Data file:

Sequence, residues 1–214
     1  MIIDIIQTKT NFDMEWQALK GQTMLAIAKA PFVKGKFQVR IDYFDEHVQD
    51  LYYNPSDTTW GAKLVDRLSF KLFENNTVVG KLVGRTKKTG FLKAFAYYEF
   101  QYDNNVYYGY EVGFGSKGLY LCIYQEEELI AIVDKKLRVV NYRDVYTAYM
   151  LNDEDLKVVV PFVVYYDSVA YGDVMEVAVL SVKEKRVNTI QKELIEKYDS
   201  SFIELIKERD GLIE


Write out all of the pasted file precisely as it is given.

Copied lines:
Sequence, residues 1–214
     1  MIIDIIQTKT NFDMEWQALK GQTMLAIAKA PFVKGKFQVR IDYFDEHVQD
    51  LYYNPSDTTW GAKLVDRLSF KLFENNTVVG KLVGRTKKTG FLKAFAYYEF
   101  QYDNNVYYGY EVGFGSKGLY LCIYQEEELI AIVDKKLRVV NYRDVYTAYM
   151  LNDEDLKVVV PFVVYYDSVA YGDVMEVAVL SVKEKRVNTI QKELIEKYDS
   201  SFIELIKERD GLIE